And now I have my own band, called Trombone Shorty & Orleans Avenue, named after a street in Tremé. I’ve played all around the world, but I always come back to New Orleans. …

I don’t think it’d be possible for there to be a better illustrator for this book than Collier. And he’s on fire here. “Collier portrays the story of this living legend with energy and style,” writes the Kirkus review, “making visible the swirling sounds of jazz.” It’s a feast for one’s eyes. Below are some spreads from the book.

(If you purchase this book, come April, a portion of the proceeds will be donated to the Trombone Shorty Foundation.)

 

‘And there was music in my house, too. My big brother, James, played the trumpet so loud you could hear him halfway across town! He was the leader of his own band, and my friends and I would pretend to be in the band, too. ‘FOLLOW ME,’ James would say.’ (Click to enlarge spread)

‘And there was music in my house, too. My big brother, James, played the trumpet so loud you could hear him halfway across town! He was the leader of his own band, and my friends and I would pretend to be in the band, too. ‘FOLLOW ME,’ James would say.’ (Click to enlarge spread)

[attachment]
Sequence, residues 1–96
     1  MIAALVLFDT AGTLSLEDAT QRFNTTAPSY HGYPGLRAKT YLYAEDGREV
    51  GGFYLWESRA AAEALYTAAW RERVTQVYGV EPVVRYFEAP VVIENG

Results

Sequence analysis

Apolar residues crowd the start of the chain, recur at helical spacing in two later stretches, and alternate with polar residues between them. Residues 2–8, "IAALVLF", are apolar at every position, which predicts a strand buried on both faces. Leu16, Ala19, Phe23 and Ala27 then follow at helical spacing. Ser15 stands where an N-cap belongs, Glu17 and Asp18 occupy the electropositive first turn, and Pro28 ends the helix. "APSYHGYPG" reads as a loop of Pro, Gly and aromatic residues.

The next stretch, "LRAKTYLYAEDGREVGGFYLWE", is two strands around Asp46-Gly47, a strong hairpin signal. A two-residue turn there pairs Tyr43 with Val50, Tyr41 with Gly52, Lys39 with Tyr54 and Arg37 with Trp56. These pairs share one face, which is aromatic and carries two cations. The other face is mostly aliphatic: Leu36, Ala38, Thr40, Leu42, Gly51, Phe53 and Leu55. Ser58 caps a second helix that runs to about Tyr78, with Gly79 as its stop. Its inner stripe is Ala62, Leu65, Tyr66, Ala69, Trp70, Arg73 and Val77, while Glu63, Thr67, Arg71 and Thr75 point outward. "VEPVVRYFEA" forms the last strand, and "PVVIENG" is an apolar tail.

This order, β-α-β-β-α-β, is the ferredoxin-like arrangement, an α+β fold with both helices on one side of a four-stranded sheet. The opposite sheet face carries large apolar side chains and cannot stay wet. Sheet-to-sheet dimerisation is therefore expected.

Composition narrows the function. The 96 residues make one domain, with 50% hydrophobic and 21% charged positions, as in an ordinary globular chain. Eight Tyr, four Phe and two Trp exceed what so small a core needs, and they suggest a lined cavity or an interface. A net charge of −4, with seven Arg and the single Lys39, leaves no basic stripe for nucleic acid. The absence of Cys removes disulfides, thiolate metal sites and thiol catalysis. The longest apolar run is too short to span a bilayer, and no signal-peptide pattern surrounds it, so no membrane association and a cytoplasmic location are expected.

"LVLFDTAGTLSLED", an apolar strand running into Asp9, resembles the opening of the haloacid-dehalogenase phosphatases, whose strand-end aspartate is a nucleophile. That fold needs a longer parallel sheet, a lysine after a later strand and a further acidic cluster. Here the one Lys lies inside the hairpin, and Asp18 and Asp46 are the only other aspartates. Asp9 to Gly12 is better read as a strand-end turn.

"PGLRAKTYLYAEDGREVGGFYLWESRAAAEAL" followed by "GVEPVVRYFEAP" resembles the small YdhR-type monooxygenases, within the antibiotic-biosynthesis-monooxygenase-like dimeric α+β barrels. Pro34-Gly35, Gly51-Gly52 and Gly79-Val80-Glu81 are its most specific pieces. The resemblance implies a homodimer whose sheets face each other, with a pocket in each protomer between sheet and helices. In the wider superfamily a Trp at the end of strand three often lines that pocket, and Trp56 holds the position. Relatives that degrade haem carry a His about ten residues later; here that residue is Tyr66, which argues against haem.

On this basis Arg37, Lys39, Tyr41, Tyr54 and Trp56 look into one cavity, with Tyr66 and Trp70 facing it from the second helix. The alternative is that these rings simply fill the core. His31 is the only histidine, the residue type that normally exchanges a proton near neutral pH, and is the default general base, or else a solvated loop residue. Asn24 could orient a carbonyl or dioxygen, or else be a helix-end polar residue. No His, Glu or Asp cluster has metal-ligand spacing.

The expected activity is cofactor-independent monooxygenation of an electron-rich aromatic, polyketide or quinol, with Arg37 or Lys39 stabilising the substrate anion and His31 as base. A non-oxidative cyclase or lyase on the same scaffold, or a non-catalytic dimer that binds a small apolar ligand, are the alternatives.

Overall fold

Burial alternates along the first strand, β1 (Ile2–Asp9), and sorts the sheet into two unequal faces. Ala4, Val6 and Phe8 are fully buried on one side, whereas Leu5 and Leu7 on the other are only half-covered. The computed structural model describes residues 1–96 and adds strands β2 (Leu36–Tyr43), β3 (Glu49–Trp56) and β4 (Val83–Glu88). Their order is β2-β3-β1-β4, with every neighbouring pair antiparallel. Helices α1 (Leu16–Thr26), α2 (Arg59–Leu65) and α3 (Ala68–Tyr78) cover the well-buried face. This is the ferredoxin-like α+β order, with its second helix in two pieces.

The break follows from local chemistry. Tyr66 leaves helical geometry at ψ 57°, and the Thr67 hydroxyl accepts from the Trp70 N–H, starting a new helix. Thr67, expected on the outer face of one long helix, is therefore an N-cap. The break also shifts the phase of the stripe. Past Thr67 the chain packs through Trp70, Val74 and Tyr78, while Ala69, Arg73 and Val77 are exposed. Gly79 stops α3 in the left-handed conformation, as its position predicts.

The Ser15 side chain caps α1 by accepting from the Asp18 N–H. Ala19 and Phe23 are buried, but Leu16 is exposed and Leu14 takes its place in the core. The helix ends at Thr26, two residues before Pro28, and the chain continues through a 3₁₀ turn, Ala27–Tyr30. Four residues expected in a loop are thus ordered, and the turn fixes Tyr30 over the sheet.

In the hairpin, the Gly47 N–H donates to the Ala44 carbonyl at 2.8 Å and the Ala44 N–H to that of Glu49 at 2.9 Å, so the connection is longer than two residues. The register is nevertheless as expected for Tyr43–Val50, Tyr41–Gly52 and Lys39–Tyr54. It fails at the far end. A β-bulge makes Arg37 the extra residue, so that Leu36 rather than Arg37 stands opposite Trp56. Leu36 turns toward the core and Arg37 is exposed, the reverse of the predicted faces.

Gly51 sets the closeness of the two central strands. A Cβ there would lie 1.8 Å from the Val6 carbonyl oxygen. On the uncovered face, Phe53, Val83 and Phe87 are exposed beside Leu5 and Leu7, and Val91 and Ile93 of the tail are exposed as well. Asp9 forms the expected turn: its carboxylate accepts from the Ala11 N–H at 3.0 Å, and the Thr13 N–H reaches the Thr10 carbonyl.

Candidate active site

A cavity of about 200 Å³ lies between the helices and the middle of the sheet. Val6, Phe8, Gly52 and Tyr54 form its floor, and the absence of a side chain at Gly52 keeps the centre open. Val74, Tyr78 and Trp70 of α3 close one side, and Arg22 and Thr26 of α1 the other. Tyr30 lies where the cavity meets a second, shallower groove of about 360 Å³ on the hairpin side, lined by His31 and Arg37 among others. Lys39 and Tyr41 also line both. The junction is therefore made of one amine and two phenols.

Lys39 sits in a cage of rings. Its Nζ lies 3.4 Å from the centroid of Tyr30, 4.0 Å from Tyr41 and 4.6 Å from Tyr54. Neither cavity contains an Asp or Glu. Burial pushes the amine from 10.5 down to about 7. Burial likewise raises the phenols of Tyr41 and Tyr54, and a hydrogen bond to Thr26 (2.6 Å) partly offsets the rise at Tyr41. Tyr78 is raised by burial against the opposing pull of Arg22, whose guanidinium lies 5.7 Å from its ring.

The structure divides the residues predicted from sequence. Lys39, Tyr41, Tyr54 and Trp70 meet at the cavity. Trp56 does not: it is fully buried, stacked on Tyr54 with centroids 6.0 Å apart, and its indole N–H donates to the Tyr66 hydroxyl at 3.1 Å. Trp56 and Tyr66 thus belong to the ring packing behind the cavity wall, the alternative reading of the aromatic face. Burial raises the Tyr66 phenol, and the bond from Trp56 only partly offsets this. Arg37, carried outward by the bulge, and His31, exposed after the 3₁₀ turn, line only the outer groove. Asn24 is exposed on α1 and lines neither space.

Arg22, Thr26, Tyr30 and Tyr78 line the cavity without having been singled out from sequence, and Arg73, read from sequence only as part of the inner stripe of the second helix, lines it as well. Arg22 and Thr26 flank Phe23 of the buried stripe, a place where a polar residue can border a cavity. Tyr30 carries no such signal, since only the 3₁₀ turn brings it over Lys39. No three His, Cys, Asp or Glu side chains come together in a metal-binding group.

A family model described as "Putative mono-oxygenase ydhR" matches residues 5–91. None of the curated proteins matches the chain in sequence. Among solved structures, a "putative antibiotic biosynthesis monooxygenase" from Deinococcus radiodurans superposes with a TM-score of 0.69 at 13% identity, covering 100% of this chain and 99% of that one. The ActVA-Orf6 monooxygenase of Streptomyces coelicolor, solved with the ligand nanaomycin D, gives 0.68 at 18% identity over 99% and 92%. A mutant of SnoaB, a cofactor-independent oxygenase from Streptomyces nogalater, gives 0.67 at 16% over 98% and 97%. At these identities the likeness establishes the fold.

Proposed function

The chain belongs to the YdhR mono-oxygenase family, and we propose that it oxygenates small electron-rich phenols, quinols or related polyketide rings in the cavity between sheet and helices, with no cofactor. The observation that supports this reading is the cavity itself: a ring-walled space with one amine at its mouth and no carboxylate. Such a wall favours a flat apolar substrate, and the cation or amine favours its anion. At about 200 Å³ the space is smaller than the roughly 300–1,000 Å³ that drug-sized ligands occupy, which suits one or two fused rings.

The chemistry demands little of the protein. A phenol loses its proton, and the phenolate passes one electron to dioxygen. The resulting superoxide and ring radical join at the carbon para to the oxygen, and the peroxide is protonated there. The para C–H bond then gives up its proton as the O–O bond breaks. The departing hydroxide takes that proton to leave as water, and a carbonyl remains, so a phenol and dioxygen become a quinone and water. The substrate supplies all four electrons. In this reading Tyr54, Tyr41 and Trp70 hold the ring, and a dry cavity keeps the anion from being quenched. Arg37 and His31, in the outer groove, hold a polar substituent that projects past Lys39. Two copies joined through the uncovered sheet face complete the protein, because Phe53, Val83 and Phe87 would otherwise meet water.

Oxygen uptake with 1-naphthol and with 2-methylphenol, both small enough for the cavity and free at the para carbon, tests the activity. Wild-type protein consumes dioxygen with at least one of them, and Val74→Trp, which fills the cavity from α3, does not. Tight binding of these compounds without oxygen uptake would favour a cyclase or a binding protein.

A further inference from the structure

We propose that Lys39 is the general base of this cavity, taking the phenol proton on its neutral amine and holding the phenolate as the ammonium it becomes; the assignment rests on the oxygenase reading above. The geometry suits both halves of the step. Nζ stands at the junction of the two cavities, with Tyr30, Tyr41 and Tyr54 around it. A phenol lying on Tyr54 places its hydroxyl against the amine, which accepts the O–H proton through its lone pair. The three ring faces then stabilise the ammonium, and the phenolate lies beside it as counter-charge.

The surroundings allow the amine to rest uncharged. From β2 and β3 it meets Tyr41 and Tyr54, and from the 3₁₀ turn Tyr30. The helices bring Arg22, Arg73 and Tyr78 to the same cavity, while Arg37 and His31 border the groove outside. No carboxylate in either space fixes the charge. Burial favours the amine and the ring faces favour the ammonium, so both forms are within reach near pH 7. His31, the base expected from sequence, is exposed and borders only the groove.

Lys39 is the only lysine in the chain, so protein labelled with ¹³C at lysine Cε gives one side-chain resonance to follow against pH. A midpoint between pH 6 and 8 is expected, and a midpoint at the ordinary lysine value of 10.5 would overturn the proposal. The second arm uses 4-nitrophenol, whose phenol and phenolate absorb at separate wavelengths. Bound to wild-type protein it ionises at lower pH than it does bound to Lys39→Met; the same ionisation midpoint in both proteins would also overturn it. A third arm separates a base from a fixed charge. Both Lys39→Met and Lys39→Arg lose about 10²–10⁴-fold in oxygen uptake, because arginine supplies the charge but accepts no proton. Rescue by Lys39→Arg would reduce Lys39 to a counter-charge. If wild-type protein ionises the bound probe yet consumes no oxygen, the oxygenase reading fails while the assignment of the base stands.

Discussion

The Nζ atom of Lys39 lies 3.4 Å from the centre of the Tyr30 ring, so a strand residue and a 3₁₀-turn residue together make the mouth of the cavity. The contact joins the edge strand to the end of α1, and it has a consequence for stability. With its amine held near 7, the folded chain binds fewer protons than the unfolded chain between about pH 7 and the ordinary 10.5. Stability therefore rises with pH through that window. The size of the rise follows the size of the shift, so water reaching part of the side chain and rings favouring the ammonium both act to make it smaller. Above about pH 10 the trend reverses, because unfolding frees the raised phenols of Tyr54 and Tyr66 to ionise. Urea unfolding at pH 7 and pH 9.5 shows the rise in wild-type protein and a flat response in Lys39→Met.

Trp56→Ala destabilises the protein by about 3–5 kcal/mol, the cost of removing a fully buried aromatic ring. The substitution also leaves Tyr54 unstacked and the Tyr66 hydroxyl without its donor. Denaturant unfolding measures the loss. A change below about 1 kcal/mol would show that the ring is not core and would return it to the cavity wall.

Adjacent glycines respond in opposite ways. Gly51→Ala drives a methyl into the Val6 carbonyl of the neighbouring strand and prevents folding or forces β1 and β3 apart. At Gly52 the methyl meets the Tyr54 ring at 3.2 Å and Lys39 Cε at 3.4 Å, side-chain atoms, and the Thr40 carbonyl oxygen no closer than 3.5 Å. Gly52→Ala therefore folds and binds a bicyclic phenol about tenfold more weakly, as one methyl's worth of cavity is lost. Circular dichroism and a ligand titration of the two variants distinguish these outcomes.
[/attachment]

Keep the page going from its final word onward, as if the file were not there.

‘I listened to all these sounds and mixed them together, just like how we make our food. We take one big pot and throw in sausage, crab, shrimp, chicken, vegetables, rice—whatever’s in the kitchen—and stir it all together and let it cook. When it’s done, it’s the most delicious taste you’ve ever tried. We call it gumbo, and that’s what I wanted my music to sound like— different styles combined to create my own musical gumbo!’ (Click to enlarge spread)

‘I listened to all these sounds and mixed them together, just like how we make our food. We take one big pot and throw in sausage, crab, shrimp, chicken, vegetables, rice—whatever’s in the kitchen—and stir it all together and let it cook. When it’s done, it’s the most delicious taste you’ve ever tried. We call it gumbo, and that’s what I wanted my music to sound like— different styles combined to create my own musical gumbo!’ (Click to enlarge spread)